How to contact us for advice

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Our advice service

We provide advice to parents, grandparents, relatives, friends and kinship carers who are involved with children’s services in England or need their help. We can help you understand processes and options when social workers or courts are making decisions about your child’s welfare.

Our advice service is free, independent and confidential.

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By phone or email

To speak to an adviser, please call our free and confidential advice line 0808 801 0366 (Monday to Friday 9.30am to 3pm, excluding Bank Holidays). For Textphone dial 18001 followed by the advice line number. Or you can ask us a question via email using our advice enquiry form.

Discuss on our forums

Our online advice forums are an anonymous space where parents and kinship carers (also known as family and friends carers) can get legal and practical advice, build a support network and learn from other people’s experiences.

Advice on our website

Our get help and advice section describes the processes that you and your family are likely to go through, so that you know what to expect. Our webchat service can help you find the information and advice on our website which will help you understand the law and your rights.

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What is good practice when doing initial assessments?

The law does not say how an initial assessment of family and friends should be done. There are no minimum standards. But Family Rights Group developed a good practice guide. And in 2020 we developed an extra guide about carrying out initial assessments during the Covid-19 pandemic.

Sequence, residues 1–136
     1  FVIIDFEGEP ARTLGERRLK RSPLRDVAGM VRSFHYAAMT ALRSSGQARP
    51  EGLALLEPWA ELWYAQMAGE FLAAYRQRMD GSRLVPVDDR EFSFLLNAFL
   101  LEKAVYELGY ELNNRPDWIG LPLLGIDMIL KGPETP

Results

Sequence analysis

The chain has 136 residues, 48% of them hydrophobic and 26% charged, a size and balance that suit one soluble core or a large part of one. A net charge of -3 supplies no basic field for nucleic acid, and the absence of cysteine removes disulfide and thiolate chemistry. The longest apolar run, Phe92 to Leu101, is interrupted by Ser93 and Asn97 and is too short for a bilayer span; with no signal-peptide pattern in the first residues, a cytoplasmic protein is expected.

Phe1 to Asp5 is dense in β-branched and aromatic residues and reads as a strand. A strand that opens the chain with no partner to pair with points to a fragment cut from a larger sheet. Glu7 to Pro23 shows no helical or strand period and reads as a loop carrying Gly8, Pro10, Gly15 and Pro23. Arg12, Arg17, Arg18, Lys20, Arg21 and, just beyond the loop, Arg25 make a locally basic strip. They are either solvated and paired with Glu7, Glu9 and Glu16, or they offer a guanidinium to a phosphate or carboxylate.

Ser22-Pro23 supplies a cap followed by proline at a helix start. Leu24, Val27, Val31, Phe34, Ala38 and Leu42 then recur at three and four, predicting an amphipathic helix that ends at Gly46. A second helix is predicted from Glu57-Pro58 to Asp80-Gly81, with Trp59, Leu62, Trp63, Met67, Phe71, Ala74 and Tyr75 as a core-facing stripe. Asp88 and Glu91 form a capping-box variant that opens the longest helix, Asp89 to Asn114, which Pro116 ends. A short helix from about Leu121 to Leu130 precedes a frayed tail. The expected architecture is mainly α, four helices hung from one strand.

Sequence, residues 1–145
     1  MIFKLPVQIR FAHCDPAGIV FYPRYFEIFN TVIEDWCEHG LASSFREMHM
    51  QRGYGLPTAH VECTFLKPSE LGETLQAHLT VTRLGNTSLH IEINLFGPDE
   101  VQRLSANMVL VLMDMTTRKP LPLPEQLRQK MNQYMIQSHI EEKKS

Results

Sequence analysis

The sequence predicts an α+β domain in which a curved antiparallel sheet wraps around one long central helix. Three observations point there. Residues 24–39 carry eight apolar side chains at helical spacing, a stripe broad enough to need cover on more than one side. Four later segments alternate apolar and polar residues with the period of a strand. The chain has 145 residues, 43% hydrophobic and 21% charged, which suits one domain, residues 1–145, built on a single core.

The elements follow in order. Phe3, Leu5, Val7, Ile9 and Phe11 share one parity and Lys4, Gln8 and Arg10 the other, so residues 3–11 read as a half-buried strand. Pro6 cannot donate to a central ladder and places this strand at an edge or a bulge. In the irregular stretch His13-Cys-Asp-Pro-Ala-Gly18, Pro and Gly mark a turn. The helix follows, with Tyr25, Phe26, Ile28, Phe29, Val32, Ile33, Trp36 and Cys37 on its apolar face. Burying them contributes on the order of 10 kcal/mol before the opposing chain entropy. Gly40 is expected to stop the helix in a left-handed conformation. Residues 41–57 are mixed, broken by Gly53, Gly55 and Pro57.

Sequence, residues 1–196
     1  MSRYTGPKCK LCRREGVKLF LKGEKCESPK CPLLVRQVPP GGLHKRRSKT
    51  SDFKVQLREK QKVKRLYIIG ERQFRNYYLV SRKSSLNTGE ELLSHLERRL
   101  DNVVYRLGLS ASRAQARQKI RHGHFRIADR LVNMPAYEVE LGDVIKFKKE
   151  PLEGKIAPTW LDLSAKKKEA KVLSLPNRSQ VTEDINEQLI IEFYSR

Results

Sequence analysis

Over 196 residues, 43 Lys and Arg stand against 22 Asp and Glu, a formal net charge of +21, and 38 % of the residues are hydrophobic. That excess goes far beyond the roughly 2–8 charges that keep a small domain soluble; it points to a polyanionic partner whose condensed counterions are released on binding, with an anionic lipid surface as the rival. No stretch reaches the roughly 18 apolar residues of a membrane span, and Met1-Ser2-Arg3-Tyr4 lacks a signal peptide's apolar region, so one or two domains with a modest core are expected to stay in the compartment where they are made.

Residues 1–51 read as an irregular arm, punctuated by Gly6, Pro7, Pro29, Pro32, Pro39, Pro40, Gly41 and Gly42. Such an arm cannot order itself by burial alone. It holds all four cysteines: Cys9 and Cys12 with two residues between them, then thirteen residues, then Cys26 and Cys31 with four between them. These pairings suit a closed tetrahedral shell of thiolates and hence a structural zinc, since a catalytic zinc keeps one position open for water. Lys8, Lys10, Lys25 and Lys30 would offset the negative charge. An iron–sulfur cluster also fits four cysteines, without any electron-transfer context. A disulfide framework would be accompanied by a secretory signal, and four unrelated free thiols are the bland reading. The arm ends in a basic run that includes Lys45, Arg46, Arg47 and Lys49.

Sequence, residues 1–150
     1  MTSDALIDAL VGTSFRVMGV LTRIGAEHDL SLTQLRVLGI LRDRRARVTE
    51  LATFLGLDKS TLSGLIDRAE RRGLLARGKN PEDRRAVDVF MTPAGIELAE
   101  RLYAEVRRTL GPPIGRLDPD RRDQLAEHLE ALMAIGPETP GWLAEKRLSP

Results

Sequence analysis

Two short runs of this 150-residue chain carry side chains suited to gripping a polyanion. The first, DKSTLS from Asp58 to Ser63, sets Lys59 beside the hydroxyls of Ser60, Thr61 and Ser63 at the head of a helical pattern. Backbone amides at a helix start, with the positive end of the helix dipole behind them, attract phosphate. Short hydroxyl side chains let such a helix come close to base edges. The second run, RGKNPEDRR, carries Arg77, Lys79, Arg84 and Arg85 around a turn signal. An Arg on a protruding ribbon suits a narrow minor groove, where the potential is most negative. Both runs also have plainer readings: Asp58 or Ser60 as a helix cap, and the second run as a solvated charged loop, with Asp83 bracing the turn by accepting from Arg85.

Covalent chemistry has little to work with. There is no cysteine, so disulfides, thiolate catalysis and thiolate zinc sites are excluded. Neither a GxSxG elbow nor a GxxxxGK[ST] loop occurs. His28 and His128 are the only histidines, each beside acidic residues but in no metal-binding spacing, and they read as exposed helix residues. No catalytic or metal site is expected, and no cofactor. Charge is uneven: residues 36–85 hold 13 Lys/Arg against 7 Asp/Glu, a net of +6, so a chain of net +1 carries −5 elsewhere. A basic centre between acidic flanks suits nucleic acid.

The guides are for children’s services departments and social workers. But family members may wish to mention, or show, the guide to:

  • The child’s social worker, or
  • The social worker doing the initial assessment if a different person.

The guides are available to open or download here.

You can open or download our Initial assessments: five good practice points table. This shares a quick summary of five good practice points for doing initial assessments. These are drawn from the two guides. It may be helpful to keep a copy with you as the assessment process takes place. And once you have a copy of the initial assessment report.

See also Can a negative initial assessment be challenged? if worried about the way an assessment has been done. Or concerned about the conclusion it reached.

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